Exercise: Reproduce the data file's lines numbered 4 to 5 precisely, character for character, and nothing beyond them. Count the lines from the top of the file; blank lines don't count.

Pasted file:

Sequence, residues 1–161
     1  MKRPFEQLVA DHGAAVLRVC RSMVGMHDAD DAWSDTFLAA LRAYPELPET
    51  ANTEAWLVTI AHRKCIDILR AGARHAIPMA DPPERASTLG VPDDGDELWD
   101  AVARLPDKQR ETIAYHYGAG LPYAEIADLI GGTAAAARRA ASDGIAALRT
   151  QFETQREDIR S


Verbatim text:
   101  AVARLPDKQR ETIAYHYGAG LPYAEIADLI GGTAAAARRA ASDGIAALRT
   151  QFETQREDIR S